Tara also takes exception to my suggestion that because we all evolved to eat meat from grazing animals – think of our teeth – that’s what we should be eating. She points out that as a species, we have been highly adaptable to food. My point here, however, wasn’t that we can’t adapt, but that because we evolved eating the meat from grazing animals, it is very unlikely that evolution will have left us a genetic predisposition, which makes such meat unsuitable for our bodies. Yes, humans are highly adaptable and over time can become suited to very new and diverse diets. But the adaptation within a population arises because those who are made ill by a new diet are likely to die earlier than average and produce less children – and I’d suggest that is exactly what is happening now with our diet-related diseases, something that would be even more obvious were it not for the amazing ability of modern healthcare systems to defy evolution.

Greenhouse gases

Turning now to methane, Tara assumes I’m saying that methane isn‘t really a problem. I accept my point was too tersely expressed. That was due to limitations on the length of the article and I wasn’t clear enough about this. Methane is of course a big issue, not least because there is a continuing flow of methane from ruminants, which means that its global warming potential is significantly higher than the widely used IPCC figure. This is because a high proportion of it breaks down to carbon dioxide and water in a decade or so, whereas the IPCC figures are calculated over 100 years. But this is another place where I take a different view from Tara and those scientists who argue that because methane breaks down quickly it’s the gas we should target to address global warming.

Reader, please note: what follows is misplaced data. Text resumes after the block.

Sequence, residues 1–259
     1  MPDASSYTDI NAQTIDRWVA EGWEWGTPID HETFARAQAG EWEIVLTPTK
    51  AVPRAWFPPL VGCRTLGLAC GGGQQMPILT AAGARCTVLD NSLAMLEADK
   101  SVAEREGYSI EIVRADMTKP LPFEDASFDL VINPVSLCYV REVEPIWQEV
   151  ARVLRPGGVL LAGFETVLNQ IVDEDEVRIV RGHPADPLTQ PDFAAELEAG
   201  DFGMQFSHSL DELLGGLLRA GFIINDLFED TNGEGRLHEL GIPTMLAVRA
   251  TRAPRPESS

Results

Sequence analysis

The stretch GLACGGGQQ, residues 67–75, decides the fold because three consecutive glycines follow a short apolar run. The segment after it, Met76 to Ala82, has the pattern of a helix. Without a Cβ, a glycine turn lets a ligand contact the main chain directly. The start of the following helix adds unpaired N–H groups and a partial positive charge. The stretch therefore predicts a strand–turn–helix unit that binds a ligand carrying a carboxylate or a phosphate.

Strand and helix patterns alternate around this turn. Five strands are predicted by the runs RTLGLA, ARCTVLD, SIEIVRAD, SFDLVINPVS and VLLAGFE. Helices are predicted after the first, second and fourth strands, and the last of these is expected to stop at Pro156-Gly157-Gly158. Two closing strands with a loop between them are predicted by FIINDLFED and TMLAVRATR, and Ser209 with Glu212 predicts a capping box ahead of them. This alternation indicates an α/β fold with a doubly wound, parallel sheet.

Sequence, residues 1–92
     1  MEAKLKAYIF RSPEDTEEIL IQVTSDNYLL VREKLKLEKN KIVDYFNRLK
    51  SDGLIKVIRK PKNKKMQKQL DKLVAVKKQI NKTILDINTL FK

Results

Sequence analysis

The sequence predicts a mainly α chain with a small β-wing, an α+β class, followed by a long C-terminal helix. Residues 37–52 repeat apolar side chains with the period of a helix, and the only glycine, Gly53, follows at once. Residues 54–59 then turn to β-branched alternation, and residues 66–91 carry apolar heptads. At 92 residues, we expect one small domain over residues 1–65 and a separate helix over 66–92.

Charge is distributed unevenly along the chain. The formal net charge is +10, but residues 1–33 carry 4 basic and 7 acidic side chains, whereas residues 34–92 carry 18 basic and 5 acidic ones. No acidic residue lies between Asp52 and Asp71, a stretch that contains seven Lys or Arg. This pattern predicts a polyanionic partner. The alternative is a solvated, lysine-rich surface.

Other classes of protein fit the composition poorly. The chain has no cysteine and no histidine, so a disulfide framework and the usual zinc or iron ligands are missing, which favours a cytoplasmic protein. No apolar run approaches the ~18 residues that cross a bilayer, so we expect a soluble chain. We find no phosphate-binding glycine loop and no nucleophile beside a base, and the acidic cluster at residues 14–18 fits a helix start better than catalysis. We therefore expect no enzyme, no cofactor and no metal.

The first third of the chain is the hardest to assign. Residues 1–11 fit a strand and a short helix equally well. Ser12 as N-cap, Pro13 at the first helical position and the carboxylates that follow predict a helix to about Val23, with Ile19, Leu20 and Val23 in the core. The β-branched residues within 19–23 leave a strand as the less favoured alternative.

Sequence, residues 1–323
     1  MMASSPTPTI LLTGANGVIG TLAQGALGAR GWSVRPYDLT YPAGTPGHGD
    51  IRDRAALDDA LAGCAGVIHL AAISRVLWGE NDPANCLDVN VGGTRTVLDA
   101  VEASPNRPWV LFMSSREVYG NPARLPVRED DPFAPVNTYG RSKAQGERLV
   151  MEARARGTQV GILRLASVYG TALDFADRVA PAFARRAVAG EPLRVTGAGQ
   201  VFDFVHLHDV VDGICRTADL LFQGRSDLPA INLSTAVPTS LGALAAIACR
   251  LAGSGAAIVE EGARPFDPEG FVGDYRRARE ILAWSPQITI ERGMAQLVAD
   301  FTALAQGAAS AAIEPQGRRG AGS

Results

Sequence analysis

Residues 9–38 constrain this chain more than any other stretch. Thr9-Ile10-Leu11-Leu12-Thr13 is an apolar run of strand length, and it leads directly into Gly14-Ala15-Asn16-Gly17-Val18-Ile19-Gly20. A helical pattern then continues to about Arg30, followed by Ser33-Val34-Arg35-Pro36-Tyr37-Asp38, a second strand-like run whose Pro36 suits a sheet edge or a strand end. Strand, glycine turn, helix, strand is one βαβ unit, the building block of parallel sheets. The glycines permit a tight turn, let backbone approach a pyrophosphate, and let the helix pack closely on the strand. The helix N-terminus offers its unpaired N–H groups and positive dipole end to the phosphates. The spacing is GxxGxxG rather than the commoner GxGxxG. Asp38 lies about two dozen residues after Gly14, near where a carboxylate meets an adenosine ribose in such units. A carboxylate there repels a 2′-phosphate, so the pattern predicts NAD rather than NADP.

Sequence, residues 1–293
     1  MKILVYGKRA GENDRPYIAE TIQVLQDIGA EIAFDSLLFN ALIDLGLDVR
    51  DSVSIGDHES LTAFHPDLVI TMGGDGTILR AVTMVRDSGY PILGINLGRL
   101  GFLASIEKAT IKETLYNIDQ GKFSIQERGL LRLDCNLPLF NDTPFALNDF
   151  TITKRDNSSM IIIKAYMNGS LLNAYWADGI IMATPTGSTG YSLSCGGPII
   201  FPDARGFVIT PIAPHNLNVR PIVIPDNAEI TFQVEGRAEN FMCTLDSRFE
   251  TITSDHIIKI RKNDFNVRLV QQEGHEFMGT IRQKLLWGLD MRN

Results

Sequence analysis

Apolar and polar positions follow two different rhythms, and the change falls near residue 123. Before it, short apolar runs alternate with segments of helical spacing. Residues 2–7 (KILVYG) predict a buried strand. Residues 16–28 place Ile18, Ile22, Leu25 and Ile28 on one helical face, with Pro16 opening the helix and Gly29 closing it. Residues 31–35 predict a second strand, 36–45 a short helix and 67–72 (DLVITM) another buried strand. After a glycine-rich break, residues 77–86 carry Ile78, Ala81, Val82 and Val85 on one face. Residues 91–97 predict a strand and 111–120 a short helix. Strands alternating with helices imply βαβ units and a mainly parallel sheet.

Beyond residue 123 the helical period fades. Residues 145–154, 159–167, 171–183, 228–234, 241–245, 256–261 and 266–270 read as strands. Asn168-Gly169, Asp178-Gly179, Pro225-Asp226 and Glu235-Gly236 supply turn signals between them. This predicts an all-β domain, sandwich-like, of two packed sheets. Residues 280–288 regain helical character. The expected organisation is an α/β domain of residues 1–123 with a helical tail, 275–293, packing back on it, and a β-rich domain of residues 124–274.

The relentless rise in greenhouse gases is incredibly serious, we agree on that. But the biggest problem has principally come from burning fossil fuels. As a society (both UK and global) we’re still not willing to give up the comfortable lifestyle that comes with them, not even in many cases willing to put up with a windmill on the horizon because we still haven’t twigged how bad things will get, or take more holidays at home and less abroad to save aviation fuel.

I doubt if it’s possible to produce any food for human consumption commercially without generating greenhouse gases. So we have to make choices, and for me the nitrous oxide emissions coming directly and indirectly from nitrogen fertiliser pose a greater long term threat than methane from ruminants. Because, while methane is 72 times more potent as a greenhouse gas than carbon dioxide over 20 years, nitrous oxide is 289 times more potent over the same period. Methane, be it from ruminants, rice production, landfill or oil and gas exploration does add to air pollution as well and that’s another negative, but then so does ammonia and other gases associated with the farm use of nitrogen fertiliser.

Two surprising things about methane:

  1. Since CFCs were phased out, nitrous oxide has become the most damaging ozone depleting chemical, in addition to causing global warming. It’s been calculated that the increasing concentrations in the upper atmosphere in recent years have reduced the damaging impact of nitrous oxide on the ozone layer by 20% and as such reduced the incidence of skin cancer as a result. That’s not a reason to be complacent about the high atmospheric methane concentrations, but it does help to illustrate how all the adverse publicity on methane has rather blinded us to the even more serious impact of nitrous oxide.